According to the youth leader, “I have learned that peaceful co-existence between community members is a very important way to prevent the inflow of violent extremist groups into the community.” 

Additionally, in August 2023, Memuna and over 30 youth from the Dagomba, Fulbe, and Konkomba ethnic groups from the Zakoli community formed a multi-ethnic peacebuilding group to organize community dialogues to tackle conflicts peacefully.  

Restorative Circles: A trauma healing tool  

In a separate activity in Tamale and Wa in Ghana’s Northern and Upper West Regions, Dr. Hakim Mohandas Amani Williams, a professor and the Director of Peace and Justice Studies at Gettysburg College in Pennsylvania, trained 44 OTI partners and other interested civil society representatives to use a trauma healing tool called restorative circles 

The tool teaches a method that encourages conflicting parties to sit in a circle and air their grievances through equal opportunity sharing and listening. After the training led by Dr. Williams, participants reported using restorative circles to improve community relationships and pass on the knowledge by training their peers on the trauma healing technique.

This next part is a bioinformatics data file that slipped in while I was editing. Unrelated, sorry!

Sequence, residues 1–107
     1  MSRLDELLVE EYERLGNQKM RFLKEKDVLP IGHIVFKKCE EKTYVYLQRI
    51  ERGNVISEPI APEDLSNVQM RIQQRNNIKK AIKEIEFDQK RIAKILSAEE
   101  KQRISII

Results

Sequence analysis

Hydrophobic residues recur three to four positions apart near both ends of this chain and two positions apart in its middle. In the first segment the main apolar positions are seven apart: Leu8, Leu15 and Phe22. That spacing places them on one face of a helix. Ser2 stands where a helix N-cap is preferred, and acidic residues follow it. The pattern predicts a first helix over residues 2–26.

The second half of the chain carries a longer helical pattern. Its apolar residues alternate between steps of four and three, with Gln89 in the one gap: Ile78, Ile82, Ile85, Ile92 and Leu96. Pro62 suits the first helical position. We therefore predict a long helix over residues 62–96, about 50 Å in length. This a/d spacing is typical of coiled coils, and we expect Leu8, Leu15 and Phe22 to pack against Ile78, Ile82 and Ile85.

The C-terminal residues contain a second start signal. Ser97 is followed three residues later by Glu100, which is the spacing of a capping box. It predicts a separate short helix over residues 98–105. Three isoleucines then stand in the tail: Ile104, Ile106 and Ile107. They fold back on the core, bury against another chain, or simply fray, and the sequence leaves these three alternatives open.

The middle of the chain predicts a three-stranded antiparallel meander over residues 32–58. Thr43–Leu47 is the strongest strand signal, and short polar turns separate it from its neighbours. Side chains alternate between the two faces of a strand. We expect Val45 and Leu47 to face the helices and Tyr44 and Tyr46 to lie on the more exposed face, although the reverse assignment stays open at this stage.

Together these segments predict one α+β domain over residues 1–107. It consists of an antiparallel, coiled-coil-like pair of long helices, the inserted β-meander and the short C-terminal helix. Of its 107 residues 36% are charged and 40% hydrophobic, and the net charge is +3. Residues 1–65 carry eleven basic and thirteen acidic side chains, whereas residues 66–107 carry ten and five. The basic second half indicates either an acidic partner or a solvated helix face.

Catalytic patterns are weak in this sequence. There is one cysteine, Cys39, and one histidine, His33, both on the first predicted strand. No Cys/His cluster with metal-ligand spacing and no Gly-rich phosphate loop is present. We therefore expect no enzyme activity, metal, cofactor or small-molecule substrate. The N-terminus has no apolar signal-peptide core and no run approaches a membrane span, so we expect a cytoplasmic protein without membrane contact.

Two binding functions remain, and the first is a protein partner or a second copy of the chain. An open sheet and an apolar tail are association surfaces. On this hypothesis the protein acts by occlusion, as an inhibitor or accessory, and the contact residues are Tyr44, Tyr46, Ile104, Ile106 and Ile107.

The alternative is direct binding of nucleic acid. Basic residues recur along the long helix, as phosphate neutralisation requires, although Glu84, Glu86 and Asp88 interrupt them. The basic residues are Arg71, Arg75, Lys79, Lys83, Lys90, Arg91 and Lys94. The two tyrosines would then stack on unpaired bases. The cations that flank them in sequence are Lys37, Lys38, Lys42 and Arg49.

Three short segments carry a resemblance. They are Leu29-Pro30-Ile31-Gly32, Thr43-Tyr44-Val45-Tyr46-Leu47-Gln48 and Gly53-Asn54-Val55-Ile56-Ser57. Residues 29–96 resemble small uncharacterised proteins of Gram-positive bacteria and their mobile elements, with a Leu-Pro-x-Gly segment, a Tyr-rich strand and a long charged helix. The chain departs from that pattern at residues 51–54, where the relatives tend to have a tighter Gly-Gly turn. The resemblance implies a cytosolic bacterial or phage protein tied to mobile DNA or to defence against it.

Since May 2023, Hajia Mariam Alhassan Alolo, an Islamic instructor and founder of the Hajia Mariam Alolo Islamic Institute in Tamale, has taken what she learned and introduced the restorative circle methodology to her community. She took the initiative to organize five training sessions on it for 49 members of her school community.  

Damata, one of the participants, acknowledged the benefit of the sessions and said, “The training is healing. It has helped me bring out some issues that have burdened my heart for a long time, and it is refreshing to share this with other people who are going through similar pain.”  

Hajia Mariam’s ultimate goal is to introduce the methodology to the other instructors at her school and eventually integrate it into her curriculum. Additionally, two Queen Mothers — who play powerful leadership roles in their communities — and a female Fulbe leader successfully introduced the restorative circle methodology to 47 Queen Mothers in the Upper East Region. 

So far, former participants of the initial training have conducted restorative circle training for more than 300 of their peers across northern Ghana.  

Recognizing the transformative power of trauma healing practices, OTI remains committed to harnessing local capacity in this area and piloting innovative approaches to conflict resolution, healing, restoration and recovery.